By Aimee Picchi
If you’re a woman looking forward to a comfortable retirement, well, good luck to you.
Women deal with three issues that don’t affect the majority of their male counterparts, according to financial education company Financial Finesse, which on Tuesday released its annual report on the gender gap in financial wellness. Women not only earn less than men during the careers — making it tougher to save as much for their retirements — but they need to make those dollars last longer because of greater longevity. Lastly, women are more likely than men to take a career break to care for family members, which can also hinder their retirement planning.
How women experience retirement — and the societal and workplace issues they face in building a nest egg — is gaining attention from both lawmakers and economists. In old age, women are more likely than men to live in poverty owing to a lifetime of accumulated disadvantages such as the gender pay gap or when women are paid less than men for doing the same job.
Although the financial gap between men and women is narrowing, there’s still a lot of distance to close, said Liz Davidson, the CEO and founder of Financial Finesse.
“Women have challenges that men don’t have,”she said. “Women should actually be ahead to overcome the structural challenges of life expenses, health challenges and career breaks.”
Davidson added, “You used to hear, ‘The numbers are the numbers’,” meaning that certain retirement goalposts, such as an investment’s rate of return, won’t vary depending on the demographics of who’s investing. Yet that ignores the fact that “variables are different” for women, she said.
Aside from the gender wage gap, career breaks also impact women more than men, since the former are more likely than the latter to take time out of the work force to care for children or elderly relatives. While more men are increasingly taking on the role of caregiver, it remains predominantly a role taken on by women.
A career break can seriously set back a woman’s retirement preparedness. For instance, a woman who chooses a mid-career break — meaning a break from her career between the ages of 45 to 55 years old — may end up with a retirement savings shortfall of $1.1 million, the study found.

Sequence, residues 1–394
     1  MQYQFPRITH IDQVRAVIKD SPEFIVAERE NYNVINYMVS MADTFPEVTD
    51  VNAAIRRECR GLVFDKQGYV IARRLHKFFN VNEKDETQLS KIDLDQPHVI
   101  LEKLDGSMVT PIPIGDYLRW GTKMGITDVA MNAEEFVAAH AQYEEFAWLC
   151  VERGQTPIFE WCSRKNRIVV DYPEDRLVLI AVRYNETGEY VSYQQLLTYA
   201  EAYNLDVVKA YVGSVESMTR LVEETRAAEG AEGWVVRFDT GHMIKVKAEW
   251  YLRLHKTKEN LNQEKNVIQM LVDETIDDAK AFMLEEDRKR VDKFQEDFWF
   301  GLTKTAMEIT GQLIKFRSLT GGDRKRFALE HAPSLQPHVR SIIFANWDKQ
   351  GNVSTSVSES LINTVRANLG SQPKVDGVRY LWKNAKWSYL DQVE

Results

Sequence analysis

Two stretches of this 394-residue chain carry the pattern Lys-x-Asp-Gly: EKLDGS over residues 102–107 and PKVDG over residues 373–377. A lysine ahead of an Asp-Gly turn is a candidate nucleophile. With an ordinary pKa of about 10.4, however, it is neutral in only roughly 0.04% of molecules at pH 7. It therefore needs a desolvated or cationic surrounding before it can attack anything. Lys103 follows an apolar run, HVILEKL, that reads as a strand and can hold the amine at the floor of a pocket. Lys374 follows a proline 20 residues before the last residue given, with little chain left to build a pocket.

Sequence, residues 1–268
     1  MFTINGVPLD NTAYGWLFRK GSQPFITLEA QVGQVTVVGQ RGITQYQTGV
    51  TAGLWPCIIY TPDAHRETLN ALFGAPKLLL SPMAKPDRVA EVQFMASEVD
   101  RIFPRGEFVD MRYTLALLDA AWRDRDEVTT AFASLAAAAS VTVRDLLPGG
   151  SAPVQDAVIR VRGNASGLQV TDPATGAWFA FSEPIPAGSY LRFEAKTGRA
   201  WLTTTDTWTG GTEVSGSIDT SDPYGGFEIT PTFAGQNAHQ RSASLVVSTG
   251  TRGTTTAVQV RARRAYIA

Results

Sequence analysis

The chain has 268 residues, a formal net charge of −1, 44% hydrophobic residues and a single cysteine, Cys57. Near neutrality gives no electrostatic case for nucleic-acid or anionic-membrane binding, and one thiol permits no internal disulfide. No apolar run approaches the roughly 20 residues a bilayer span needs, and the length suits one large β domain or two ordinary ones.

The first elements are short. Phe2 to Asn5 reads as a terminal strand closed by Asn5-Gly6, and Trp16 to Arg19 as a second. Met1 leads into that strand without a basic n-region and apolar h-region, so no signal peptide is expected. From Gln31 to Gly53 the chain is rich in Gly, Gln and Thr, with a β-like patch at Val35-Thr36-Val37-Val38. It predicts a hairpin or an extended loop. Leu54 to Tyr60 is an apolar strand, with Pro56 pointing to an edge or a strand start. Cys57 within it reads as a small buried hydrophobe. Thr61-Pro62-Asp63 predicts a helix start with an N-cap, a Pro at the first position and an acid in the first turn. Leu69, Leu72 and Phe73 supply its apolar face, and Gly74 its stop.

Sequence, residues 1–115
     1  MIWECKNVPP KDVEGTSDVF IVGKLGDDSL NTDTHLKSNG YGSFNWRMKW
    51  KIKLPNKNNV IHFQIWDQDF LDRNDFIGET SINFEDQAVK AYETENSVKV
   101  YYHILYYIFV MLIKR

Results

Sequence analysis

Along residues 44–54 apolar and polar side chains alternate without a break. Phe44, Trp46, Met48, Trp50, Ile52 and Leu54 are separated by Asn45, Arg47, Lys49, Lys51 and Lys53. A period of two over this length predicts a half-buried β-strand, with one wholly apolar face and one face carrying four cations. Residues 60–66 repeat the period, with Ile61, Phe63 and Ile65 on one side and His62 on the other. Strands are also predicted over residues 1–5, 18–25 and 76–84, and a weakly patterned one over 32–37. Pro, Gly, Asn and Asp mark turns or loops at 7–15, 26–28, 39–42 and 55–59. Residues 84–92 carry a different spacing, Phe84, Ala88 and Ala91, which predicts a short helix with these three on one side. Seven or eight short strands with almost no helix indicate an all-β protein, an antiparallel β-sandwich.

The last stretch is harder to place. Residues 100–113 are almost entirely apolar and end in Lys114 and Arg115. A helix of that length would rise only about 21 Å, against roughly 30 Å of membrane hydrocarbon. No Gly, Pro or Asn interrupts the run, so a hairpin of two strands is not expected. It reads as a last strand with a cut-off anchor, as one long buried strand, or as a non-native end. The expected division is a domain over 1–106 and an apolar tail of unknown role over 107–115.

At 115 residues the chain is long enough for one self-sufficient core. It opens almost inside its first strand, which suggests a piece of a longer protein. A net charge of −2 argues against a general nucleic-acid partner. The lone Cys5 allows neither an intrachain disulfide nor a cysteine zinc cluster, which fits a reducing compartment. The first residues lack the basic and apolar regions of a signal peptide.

Even more harmful is taking an early career break between the ages of 35 to 45, which is when many college-educated women are starting families and also hitting their highest annual earnings. Taking a break at that age leads to a retirement shortfall of $1.3 million, the study found. The financial hit is larger for younger woman because they end up missing out on compounding interest over the course of their lives. Putting away more money earlier in a woman’s career can help close the gap.
“The vast majority of women don’t contemplate” the impact that career breaks will have on their retirement income, Davidson said.
Women (and men) who take time off from their careers to raise children or care for elderly relatives may be more concerned with whether they’ll be able to cover daily expenses, rather than their comfort in retirement. But financial planning for the future should be part of the discussion when a worker is considering taking a career break, she recommends.
It’s clear that women are ending up in a more dire situation than men when they hit retirement age. A 2014 report issued by Sen. Amy Klobuchar (D-Minn.) found that women older than 65 have annual median retirement income that’s $11,000 below that of men in the same demographic group. Women not only need to make that income stretch longer, due to longer life spans than men, but have higher medical spending, as well.
Aside from losing out on income, career breaks can also prove financially harmful because workers miss out on years of salary gains or promotions. A survey from financial firm Ellevest in 2015 found that one in five women suffered a pay cut of at least 20 percent after taking a career break, for instance. Women need to be aware of these issues and, if possible, plan ahead, Davidson noted.
“The optimal scenario is that women look at it say, ‘Here’s the reality: We are more vulnerable, and career breaks need to be funded,” she said. “Let’s plan ahead and be conservative in our planning, so they have all the choices on the table because they have taken steps to protect their wealth.”
Donna Henes is the author of The Queen of My Self: Stepping into Sovereignty in Midlife. She offers counseling and upbeat, practical and ceremonial guidance for individual women and groups who want to enjoy the fruits of an enriching, influential, purposeful, passionate, and powerful maturity. Consult the MIDLIFE MIDWIFE™
The Queen welcomes questions concerning all issues of interest to women in their mature years. Send your inquiries to email@example.com.